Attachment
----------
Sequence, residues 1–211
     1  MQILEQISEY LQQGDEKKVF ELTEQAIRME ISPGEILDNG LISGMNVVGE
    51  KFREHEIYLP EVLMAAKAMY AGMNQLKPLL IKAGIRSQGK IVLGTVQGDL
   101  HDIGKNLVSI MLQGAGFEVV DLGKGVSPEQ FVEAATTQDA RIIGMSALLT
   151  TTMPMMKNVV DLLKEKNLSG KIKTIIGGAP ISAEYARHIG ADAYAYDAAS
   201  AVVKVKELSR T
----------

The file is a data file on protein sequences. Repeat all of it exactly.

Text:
Sequence, residues 1–211
     1  MQILEQISEY LQQGDEKKVF ELTEQAIRME ISPGEILDNG LISGMNVVGE
    51  KFREHEIYLP EVLMAAKAMY AGMNQLKPLL IKAGIRSQGK IVLGTVQGDL
   101  HDIGKNLVSI MLQGAGFEVV DLGKGVSPEQ FVEAATTQDA RIIGMSALLT
   151  TTMPMMKNVV DLLKEKNLSG KIKTIIGGAP ISAEYARHIG ADAYAYDAAS
   201  AVVKVKELSR T